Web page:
Ever dream of having your own solar rooftop system?
If you live in Philadelphia, the city might be able to help. City Council announced a program Thursday that it says will help reduce the cost for up to 500 residents wanting to install solar rooftop systems by next year. There is also a job-training component for students interested in solar installation as a career.
Known as Solarize Philly, the program is administered by the Philadelphia Energy Authority. The goal is to get solar installations at below-market cost to homeowners by the end of 2018 and to create 75 jobs. The job training is under a partnership with the Philadelphia School District.
Residents can apply online from July 1 through the end of September. Homes will be assessed for solar potential. Qualifying homeowners would get a cost proposal, along with financing and leasing options.
Officials said the more people who sign-up, the cheaper the cost to homeowners. Vendors and contractors are now submitting bid proposals to handle the installations.
The program is part of Council President Darrell Clarke’s Philadelphia Energy Campaign. The 10-year, $1 billion energy campaign, funded through public and private sources, seeks to make the city more energy-efficient through home and business upgrades and to create 10,000 jobs within the energy sector as a result.
Separately, the School District will offer solar installer training programs to give graduates a jump on careers within the renewable-energy market. Twenty slots are open this summer; the number could grow next year.
“Philadelphia’s solar market is dramatically underdeveloped compared to other cities,” said Emily Schapira, the Energy Authority’s director. “This program will ensure that that changes.”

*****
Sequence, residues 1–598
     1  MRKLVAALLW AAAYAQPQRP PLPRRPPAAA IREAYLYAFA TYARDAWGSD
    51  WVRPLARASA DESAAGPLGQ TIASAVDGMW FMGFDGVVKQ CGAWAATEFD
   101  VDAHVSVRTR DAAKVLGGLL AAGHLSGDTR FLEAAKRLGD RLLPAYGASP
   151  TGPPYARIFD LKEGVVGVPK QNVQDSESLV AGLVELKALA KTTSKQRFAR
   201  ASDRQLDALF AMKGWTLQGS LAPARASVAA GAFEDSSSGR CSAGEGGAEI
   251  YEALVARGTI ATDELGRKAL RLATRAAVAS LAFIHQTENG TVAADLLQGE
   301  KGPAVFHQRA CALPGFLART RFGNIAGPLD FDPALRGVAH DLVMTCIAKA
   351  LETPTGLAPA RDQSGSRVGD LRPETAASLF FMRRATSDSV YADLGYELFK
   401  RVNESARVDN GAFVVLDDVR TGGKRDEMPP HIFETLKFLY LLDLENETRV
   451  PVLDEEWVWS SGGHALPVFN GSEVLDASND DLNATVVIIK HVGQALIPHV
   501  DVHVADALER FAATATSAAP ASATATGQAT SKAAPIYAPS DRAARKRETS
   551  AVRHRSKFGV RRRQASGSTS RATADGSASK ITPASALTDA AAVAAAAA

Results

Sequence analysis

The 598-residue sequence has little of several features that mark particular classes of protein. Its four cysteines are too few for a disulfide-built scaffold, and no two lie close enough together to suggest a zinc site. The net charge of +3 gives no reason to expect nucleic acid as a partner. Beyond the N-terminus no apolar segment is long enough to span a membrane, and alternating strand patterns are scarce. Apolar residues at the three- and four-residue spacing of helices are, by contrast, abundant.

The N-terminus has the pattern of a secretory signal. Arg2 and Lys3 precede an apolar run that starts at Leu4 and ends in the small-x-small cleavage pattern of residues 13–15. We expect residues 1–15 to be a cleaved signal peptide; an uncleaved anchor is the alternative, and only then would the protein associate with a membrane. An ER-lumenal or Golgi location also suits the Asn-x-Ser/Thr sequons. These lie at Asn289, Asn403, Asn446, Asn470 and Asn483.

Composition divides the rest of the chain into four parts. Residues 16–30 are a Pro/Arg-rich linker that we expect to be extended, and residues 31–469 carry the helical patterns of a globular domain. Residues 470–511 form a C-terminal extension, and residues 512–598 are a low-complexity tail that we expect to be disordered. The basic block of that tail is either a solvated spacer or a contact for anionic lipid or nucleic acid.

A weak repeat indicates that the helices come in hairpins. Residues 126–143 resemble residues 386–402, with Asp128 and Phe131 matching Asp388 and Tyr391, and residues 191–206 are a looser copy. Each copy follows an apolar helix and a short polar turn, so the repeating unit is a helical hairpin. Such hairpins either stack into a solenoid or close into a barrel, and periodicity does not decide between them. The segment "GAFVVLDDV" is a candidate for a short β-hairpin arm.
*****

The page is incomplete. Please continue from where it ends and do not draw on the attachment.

Schapira said she did not know how much a homeowner in the city might pay for a rooftop solar system. She said typical costs run $8,000 to $20,000 in other communities, depending on wattage needs.
But costs could be up to 20 percent lower under the Solarize Philly program because of the ability to purchase at a larger scale, she said. That would translate to anywhere from $1,600 to $4,000 less. Residents purchasing through the program would also qualify for tax credits, bringing the cost down further, Schapira said.
Any excess electricity generated from the solar panels gets fed into the electric grid.
Though the initial cost might sound high for a solar rooftop purchase, Schapira said there is pent-up demand. She also said that Philadelphia, despite its location, has ample swaths that are good for solar. An estimated 128,000 rooftops are within good range; rowhouses, because they typically have flat roofs, make for easier installations.
A leased system is another option, Schapira said. Under a solar lease agreement, the homeowner doesn’t own the rooftop system. Rather, the owner buys electricity from the contractor that installed the system at a discount from regular electric utility rates. The contractor makes money from incentives and tax breaks.
Another bonus, according to Schapira: consumer protection. She said that Solarize Philly will be able to offer homeowners standard contracts and systems that are vetted.
“We’ll design contracts and make sure everybody is reputable,” Schapira said.
Officials made the announcement Thursday morning on the rooftop of Parkway Central Library. Council members Blondell Reynolds Brown and Derek Green were joined by members of the Energy Authority, Pennsylvania Public Utility Commissioner David Sweet, representatives from the city’s Office of Sustainability, Peco, and others.
“Residential solar is good for the environment and for air quality, creates lots of living-wage jobs, and will ensure that electricity remains affordable for our residents into the future,” Green said in a statement.